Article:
May 29, 2016
Luke 7:1-10
Galatians 1:1-12
1 Kings 18:20-21 (22-29)...
Psalm 96


On the Other Hand
Proper 4 | OT 9


Go here for the full installment.



Dean Feldmeyer
In this week’s lectionary reading from the Hebrew scriptures, a clearly frustrated Elijah pleads with the Israelites to rededicate themselves to God rather than continuing to navigate a middle course that also accommodated false deities into their religious practice. Determined to bring matters to a head, he decides to demonstrate the impotence of these gods by provoking a faceoff with the prophets of Baal and calling upon the awesome power of the Lord in a way that will convince the people of God’s provenance. In the next installment of The Immediate Word, team member Dean Feldmeyer suggests that Elijah’s sentiments might seem familiar to United Methodists -- who at their General Conference last week were just the most recent denomination to struggle with thorny issues of human sexuality. Amid rumors of impending schism, the battle lines were drawn and positions hardened on these matters (especially homosexuality) -- leading the president of the bishops’ council to publicly acknowledge the deep divisions, citing the denomination’s “brokenness” that “surrounds or emanates from matters of human sexuality, interpretation of scripture, how we include our LGBT brothers and sisters.” Complicating the debate is that each side feels their position is grounded in moral and scriptural integrity -- to the point that it seems reminiscent of the divide between the followers of Baal and God. As a result, our church leaders are tasked with somehow discovering a way to maintain Christian unity despite the acrimonious debate. So absent a clear demonstration of God’s power (a la Elijah), how can this be done? As Dean notes, for now the situation remains muddled -- much as it was for Elijah. Yet this week’s gospel text may offer a way forward, since Jesus sees faith in a Roman centurion -- someone who under normal circumstances would likely be rejected as a representative of an (ungodly) occupying force. Here’s a preview:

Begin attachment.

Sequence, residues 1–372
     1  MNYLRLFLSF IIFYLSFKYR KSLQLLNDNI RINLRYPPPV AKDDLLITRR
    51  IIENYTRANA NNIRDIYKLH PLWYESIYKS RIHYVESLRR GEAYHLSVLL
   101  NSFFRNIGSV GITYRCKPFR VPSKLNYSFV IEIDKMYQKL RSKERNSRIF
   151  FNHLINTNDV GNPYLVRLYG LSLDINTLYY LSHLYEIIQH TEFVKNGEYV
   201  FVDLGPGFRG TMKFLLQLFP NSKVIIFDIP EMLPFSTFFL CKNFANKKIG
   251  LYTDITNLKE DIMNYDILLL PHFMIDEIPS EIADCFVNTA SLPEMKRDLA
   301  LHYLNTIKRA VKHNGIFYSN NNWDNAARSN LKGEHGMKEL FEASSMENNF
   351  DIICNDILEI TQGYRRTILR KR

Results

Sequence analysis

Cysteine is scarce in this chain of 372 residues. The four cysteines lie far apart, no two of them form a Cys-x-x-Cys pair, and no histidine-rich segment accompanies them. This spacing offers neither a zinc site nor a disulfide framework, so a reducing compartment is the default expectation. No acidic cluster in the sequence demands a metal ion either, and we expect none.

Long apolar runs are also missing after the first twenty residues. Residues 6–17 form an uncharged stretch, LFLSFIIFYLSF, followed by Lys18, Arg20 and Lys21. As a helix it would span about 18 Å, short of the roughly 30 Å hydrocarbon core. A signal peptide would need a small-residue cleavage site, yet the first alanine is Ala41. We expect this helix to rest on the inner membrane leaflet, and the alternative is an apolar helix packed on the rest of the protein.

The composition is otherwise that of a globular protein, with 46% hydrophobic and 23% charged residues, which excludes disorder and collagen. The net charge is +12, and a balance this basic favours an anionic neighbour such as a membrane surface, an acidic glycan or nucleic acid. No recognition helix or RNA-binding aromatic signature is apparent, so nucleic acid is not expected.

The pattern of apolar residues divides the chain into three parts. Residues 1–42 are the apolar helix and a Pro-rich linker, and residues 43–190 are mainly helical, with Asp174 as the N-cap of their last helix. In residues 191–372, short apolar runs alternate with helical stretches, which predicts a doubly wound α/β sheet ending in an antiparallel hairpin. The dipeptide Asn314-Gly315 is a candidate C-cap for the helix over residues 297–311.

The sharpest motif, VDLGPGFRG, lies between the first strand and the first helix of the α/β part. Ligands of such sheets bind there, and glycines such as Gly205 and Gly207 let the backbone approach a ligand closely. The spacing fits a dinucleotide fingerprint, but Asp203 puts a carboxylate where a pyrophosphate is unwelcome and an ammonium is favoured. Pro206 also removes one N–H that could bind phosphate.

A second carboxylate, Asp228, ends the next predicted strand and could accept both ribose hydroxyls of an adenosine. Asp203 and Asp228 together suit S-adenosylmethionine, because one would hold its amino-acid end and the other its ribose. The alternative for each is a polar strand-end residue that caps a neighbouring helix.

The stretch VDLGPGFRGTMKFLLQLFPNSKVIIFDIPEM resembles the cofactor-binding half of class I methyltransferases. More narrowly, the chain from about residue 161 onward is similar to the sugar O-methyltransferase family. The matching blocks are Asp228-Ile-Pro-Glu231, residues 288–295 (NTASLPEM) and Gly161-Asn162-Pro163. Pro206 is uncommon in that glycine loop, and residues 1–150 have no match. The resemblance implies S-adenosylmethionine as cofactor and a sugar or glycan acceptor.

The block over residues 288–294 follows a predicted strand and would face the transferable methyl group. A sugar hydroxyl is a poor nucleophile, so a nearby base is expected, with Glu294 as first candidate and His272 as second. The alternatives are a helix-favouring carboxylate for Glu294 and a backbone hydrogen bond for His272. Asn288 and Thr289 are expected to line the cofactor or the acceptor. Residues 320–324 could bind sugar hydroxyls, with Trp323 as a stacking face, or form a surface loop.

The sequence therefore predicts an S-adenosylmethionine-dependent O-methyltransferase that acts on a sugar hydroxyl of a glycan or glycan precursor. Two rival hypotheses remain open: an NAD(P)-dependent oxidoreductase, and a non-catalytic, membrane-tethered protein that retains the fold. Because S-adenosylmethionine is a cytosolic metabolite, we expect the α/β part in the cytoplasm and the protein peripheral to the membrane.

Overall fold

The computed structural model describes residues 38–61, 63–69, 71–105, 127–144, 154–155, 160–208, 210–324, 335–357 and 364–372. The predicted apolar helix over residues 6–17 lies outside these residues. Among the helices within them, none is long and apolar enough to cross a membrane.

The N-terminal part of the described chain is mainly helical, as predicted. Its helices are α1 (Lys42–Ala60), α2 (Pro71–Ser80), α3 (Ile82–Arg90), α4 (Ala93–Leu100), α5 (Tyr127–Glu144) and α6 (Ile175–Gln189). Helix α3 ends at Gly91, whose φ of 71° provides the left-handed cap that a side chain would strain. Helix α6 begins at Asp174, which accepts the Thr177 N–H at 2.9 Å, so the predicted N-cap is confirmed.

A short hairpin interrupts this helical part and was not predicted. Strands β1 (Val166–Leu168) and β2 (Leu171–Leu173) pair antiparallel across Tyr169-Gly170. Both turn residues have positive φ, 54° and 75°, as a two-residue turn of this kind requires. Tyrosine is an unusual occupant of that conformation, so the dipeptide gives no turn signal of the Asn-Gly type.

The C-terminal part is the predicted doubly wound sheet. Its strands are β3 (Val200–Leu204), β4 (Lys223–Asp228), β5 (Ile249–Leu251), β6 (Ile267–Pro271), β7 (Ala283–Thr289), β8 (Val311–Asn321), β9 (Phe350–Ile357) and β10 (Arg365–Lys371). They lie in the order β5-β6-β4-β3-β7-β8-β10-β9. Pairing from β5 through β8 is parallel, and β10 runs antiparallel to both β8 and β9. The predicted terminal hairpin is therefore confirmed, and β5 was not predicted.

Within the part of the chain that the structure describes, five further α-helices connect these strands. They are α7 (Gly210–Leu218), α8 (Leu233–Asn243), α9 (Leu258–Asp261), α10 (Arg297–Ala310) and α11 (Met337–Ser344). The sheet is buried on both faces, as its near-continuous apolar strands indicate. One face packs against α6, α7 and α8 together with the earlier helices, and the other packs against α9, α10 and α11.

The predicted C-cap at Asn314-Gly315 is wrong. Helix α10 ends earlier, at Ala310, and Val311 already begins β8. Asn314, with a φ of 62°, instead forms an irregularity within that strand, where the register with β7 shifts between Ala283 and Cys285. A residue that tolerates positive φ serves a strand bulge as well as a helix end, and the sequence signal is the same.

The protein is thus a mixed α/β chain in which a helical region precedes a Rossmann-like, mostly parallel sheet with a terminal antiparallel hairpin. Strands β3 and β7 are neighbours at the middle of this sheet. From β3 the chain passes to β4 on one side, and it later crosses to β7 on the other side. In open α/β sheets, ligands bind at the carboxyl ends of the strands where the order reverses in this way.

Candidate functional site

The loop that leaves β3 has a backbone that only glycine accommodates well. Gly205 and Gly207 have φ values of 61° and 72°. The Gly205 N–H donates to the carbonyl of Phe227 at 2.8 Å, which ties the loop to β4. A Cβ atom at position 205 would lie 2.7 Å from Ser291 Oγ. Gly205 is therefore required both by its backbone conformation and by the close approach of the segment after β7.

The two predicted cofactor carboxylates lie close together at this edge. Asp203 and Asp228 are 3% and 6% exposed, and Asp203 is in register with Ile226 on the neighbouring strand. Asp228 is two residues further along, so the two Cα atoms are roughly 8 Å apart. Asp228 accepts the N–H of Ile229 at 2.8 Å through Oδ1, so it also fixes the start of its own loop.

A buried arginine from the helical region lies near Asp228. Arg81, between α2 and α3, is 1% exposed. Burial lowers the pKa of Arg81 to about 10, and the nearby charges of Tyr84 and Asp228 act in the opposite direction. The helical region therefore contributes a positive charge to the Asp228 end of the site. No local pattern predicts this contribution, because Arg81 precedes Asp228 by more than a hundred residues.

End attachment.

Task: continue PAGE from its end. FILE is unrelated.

On the Other Hand
by Dean Feldmeyer
1 Kings 18:20-21 (22-29) 30-39; Galatians 1:1-12; Luke 7:1-10

“How long will you go limping with two different opinions?” Elijah asks the People of God. If YHWH is God, follow YHWH. If Baal is God, follow Baal. For crying out loud, just decide.

But the Israelites “did not answer him a word.”

Last week, the United Methodists weren’t so reticent. They did answer Elijah’s burning question “How long will you go limping with two different opinions?”

Answer: Oh, about four years.

At the General Conference meeting from May 10 to May 20, 865 elected delegates from United Methodist conferences around the world were given the authority to make decisions on behalf of the whole church. But faced with the question of whether or not to allow LGBTQ people full inclusion in the life of the church and risk a schism in the denomination, they decided not to decide. To use a painfully mixed metaphor, they both passed the buck and kicked the can another four years down the road.

They instructed the College of Bishops to appoint yet another study committee to study all of the language in the Book of Discipline that has to do with human sexuality and to make suggestions about what to do with it by 2018. Then the bishops will study those suggestions for two years and bring their own suggestions to the next General Conference in 2020.

Faced with heavy consequences whatever course they decided on, the delegates became like Tevye in Fiddler on the Roof, whose inner dialogue bounces almost endlessly between observations “on the other hand.” Afraid to act, the delegates to the General Conference left the denomination to flounder for four years while they examine what’s “on the other hand.”

Go here for the full installment.


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George Reed


Mary Austin


Ronald H. Love


Dean Feldmeyer


Leah Lonsbury


Chris Keating


Robin Lostetter